It happened so quickly. Within days, rumors became fact and concern grew into fear. Life suddenly changed in ways none of us could’ve imagined. Watching the effects of the COVID-19 pandemic hitting the U.S. was watching the domino effect in real time. One production stopped, which led to a few more shutting down, and that chain continued until every film and TV set became a ghost town. And that’s not to mention the theatrical productions canceled, the press tours postponed, the feature film releases pushed—the list goes on and on. The entertainment industry went from full speed ahead to a dead stop in record time.
My agency saw the writing on the wall, and we switched to a work-from-home model early on. But that can only last so long. When breakdowns dry up and there’s no work to book, commissions will cease to exist, and I’m fairly certain I’ll be collecting unemployment by the time you read this. (I haven’t done that in ages, so I have a lot to learn. Actors file all the time, right? Maybe I should call one of my clients for advice…)
Here’s the sad truth about this situation: Tragedy has no sense of timing. It doesn’t care about your plans. The damn thing just shows up when you least expect it.
Right before the world’s fan got covered in feces, one of my clients booked a guest star role on a network show that shoots in Atlanta. Mike had to be a local hire, but that was fine, because the money would cover his expenses and it was a huge opportunity. He was a happy actor when his flight left Los Angeles. But that changed about 2,000 miles later, when Mike’s plane landed in Atlanta and he listened to his voicemail. There was a message from the production office: “Sorry, we’re shutting down. Don’t get on that flight.”
There’s a rep at my company who focuses exclusively on Equity. I remember how hard the guy worked to get one of our younger clients seen at a prestigious theater company. His efforts paid off, and the actor booked the job, a lead at one of the few stages in L.A. that attracts a lot of industry eyeballs. The Champagne was popped and a celebration was had. Sadly, production shut down two weeks into rehearsal.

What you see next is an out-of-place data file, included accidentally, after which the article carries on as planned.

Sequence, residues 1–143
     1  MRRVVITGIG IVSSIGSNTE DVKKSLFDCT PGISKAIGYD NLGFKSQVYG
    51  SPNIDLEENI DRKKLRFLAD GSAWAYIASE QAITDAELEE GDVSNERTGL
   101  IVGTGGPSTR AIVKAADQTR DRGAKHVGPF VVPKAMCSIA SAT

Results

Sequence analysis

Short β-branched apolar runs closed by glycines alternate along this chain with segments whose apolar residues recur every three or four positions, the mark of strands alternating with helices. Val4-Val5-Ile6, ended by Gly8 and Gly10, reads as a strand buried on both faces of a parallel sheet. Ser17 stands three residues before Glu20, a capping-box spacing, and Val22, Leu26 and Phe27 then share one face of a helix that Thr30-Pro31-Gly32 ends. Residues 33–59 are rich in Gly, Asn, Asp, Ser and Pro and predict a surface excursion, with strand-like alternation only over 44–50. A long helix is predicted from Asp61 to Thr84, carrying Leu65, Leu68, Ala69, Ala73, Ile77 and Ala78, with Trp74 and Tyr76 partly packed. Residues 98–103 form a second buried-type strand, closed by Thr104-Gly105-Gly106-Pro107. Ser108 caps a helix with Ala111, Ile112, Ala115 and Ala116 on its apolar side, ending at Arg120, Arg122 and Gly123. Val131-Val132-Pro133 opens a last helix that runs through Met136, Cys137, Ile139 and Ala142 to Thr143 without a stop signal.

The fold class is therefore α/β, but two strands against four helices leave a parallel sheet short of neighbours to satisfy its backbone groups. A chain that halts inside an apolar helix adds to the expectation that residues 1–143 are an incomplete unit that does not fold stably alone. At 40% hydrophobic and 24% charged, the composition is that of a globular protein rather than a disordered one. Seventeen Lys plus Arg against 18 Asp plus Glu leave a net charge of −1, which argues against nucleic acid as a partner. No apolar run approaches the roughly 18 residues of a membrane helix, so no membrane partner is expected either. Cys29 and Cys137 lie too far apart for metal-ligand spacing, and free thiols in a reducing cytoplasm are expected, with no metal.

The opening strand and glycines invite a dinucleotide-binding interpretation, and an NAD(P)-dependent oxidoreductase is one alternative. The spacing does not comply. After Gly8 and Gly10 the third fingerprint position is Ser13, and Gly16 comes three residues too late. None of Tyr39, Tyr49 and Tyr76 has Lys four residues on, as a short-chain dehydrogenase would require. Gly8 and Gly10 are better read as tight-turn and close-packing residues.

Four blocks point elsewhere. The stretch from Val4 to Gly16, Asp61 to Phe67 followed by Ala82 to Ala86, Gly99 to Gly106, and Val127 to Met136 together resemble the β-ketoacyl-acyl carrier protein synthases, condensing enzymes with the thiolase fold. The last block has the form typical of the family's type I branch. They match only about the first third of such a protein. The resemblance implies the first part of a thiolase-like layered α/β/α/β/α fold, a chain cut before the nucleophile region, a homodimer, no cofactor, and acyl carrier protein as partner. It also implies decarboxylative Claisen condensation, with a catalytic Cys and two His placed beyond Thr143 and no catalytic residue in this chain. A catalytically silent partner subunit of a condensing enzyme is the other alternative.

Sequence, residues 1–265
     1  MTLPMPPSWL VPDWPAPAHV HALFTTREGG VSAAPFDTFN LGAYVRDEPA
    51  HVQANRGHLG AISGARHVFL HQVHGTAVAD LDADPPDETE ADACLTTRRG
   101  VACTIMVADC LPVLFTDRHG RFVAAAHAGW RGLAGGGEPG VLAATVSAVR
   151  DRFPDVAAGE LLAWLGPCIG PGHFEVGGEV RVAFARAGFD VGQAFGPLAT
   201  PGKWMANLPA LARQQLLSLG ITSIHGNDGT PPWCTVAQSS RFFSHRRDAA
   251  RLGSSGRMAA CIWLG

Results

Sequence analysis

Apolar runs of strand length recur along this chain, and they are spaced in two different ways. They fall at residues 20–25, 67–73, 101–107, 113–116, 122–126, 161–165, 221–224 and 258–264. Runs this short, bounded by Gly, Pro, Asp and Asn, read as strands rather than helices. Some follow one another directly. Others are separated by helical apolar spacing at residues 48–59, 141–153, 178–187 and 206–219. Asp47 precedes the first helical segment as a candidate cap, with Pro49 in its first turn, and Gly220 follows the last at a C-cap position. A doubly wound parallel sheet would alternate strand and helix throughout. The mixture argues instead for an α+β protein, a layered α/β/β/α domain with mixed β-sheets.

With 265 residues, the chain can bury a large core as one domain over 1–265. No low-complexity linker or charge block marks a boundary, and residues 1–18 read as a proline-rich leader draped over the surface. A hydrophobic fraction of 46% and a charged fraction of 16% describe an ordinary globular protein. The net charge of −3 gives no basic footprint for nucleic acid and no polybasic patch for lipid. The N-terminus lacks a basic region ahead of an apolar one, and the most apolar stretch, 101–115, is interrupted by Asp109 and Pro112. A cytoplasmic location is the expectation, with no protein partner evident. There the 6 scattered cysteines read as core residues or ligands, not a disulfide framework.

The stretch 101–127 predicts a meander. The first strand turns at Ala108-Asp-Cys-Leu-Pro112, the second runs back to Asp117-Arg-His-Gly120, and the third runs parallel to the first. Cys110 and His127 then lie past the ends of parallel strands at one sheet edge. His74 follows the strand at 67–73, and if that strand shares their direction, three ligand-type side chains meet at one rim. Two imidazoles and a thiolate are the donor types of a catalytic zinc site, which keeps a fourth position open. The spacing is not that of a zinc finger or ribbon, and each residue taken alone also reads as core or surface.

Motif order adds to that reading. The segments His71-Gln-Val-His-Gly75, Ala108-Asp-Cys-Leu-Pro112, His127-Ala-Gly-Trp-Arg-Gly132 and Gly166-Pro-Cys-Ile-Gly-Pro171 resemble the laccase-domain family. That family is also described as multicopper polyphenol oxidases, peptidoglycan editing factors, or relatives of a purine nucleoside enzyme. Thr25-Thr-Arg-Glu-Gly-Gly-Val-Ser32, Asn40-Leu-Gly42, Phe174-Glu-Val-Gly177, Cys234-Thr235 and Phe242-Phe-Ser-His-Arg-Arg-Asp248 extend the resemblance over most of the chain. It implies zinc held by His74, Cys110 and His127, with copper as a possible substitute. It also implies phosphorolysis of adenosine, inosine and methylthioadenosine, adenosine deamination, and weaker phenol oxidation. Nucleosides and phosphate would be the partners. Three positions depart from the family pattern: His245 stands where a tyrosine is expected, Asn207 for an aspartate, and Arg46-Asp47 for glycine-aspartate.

And on a personal note, yours truly was planning to spend two weeks in Italy this spring visiting family members I haven’t seen in over a decade. Pilot season was brutal, so this trip is all I’ve been thinking about. Now, all I can do is pray that everyone there is safe.
Every agent I know has stories like these. Plans that went in the toilet. Accomplishments that turned into frustrations. It breaks our hearts. (And yes, agents have hearts. A cardiologist in Sweden proved it just last year.)
I work in Hollywood, so I don’t know much about pandemics, but I do know one thing: We’re going to get past this. The worm will turn—it always does. Pretty soon, I’ll be back behind my desk closing deals, and you’ll be back at work finding new ways to drive me crazy. Until then, take care of yourself.
Ready to get to work? Check out Backstage’s Los Angeles audition listings!